And while hotspots and school-issued Chromebooks have their place, they are somewhat of a Band-aid approach. “It’s like a big puzzle of multiple technologies that have to fit together,” says Cooper. “One size does not fit all. ”Ultimately, longer-range solutions, both wireless and wireline, are necessary, but it would be prohibitively expensive for ISPs to build out in some rural areas as they would spend far more than they’d ever recoup.

“Infrastructure is really expensive,” says Cooper. “If you’re building fiber, depending on who’s doing it, it’s anywhere between $250,000 to $500,000 per mile.”

Working with the Monterey County Office of Education, local governments and ISPs, Monterey Bay Economic Partnership is already working to identify some of those gap locations in Monterey County. The Equal Access concept is to supplement buildout and service costs with philanthropic contributions, to bring to fruition infrastructure projects that ISPs would otherwise deem unprofitable and infeasible.

students reading

Equal Access Santa Cruz County was able to unite a wide range of community partners — Cruzio, Community Foundation Santa Cruz County, the Rotary Club of Watsonville and Pajaro Valley Unified School District — to bring broadband infrastructure to its first project, the Buena Vista Migrant Camp. That targeted approach, which included community fundraising, corporate donations and voluntary contributions on Cruzio customers’ monthly bill, raised enough money to build broadband infrastructure to reach those 143 units and cover service for those households at no charge to them for the next two years.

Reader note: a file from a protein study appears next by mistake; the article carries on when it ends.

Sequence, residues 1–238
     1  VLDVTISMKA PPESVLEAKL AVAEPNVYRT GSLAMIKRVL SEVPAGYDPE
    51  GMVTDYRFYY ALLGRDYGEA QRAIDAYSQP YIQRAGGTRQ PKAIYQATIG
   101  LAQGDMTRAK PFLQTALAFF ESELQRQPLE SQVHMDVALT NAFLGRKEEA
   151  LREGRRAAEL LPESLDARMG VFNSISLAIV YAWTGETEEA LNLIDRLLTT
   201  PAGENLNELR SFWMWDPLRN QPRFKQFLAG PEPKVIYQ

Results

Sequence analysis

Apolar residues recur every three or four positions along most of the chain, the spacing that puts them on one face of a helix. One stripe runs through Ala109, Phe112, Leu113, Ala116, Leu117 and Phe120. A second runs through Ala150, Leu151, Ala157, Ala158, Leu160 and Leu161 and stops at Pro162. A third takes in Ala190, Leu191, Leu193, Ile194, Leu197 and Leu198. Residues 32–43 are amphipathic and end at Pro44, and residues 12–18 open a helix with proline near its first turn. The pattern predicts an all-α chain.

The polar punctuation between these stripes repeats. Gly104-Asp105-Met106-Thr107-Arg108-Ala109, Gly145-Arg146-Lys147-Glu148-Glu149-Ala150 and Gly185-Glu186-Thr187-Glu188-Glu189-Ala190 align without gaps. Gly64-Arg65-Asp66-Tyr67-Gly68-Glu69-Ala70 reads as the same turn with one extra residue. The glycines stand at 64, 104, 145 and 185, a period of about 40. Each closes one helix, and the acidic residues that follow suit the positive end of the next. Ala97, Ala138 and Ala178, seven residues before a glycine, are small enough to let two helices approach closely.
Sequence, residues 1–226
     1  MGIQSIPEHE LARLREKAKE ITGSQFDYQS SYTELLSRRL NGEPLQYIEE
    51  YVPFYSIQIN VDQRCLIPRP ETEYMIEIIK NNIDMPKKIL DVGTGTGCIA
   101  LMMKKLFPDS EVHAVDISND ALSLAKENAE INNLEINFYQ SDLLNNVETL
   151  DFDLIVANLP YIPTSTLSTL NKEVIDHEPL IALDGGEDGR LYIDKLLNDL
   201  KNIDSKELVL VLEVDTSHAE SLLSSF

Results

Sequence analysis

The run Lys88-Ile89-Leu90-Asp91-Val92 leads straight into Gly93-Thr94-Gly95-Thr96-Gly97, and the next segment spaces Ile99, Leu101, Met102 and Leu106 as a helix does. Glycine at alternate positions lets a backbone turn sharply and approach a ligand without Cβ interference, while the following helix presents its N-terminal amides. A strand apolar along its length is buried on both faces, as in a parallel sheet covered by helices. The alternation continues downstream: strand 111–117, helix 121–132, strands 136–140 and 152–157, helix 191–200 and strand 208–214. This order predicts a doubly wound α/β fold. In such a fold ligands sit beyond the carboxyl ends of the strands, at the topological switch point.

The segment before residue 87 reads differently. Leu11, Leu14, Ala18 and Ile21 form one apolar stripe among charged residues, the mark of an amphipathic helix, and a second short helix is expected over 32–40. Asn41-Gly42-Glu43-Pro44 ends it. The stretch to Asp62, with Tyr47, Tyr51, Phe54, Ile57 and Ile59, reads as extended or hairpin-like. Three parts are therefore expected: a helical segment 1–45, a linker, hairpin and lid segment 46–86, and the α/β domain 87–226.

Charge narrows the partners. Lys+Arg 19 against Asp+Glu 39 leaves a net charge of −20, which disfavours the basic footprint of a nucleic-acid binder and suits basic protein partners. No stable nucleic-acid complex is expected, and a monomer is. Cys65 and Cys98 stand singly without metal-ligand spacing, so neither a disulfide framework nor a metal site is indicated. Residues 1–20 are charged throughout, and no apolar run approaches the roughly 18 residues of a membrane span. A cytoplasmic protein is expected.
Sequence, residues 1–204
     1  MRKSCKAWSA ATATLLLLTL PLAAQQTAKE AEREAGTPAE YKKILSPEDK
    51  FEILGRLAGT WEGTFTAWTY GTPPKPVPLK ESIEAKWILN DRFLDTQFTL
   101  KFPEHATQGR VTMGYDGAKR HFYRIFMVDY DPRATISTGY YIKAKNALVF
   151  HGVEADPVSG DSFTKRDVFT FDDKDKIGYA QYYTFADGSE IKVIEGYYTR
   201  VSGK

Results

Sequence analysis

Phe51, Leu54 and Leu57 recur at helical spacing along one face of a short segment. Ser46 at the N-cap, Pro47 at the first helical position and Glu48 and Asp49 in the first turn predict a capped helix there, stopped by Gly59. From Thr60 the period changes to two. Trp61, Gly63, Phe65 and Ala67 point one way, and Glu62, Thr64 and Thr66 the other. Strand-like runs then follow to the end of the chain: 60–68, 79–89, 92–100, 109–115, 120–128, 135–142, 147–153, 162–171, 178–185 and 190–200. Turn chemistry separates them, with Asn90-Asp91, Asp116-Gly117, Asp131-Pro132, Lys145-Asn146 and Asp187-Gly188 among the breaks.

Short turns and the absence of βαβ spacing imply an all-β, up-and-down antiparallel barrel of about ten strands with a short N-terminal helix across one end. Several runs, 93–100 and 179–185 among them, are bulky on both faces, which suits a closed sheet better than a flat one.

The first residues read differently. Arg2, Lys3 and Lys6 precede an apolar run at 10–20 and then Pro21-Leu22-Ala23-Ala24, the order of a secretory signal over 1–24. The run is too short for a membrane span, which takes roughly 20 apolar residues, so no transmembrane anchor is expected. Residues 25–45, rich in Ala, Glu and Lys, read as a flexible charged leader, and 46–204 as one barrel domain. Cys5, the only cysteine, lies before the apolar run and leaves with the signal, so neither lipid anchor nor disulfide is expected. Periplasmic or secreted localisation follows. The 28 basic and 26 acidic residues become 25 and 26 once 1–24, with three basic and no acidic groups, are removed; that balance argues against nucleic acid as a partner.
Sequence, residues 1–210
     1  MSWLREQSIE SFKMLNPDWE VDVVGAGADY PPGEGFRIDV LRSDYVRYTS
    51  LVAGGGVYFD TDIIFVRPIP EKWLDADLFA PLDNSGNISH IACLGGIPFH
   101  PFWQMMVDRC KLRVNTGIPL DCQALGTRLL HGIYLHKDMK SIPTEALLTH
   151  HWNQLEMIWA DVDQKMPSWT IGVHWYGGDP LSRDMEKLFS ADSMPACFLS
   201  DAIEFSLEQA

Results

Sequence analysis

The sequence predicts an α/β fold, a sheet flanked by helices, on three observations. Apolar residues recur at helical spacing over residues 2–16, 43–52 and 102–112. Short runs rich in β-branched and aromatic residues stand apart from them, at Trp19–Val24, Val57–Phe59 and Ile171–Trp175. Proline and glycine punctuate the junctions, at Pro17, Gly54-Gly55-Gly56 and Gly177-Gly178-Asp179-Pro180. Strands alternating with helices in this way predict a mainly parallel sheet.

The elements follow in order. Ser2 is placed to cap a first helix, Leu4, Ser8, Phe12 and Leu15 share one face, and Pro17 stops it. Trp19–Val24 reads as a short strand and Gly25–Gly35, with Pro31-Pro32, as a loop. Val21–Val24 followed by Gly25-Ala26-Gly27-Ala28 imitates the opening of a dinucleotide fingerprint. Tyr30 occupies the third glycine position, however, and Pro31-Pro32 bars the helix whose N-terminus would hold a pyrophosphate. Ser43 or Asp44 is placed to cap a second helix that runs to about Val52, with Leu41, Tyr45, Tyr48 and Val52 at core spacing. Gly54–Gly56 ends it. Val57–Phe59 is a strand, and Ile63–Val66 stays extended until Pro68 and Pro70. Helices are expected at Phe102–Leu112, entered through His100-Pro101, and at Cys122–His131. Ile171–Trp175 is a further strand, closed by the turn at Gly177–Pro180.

Without those efforts, those 143 homes, situated in a particularly rural agricultural region of Watsonville, would likely never have had access to broadband.

Expanding coverage: support the Equal Access Monterey Bay campaign

As one of the partners in that effort, MBEP is now looking for seed funding to launch an Equal Access Monterey Bay campaign in Monterey County, to be funded through a combination of private and corporate donors, and state and federal grants.

MBEP is also laying groundwork in San Benito County, working closely with one of its member organizations, South Valley Internet, to launch an Equal Access campaign there.

Jessica M. Pasko has been writing professionally for almost two decades.She cut her teeth in journalism as a reporter for the Associated Press in her native Albany, NY, where she covered everything from...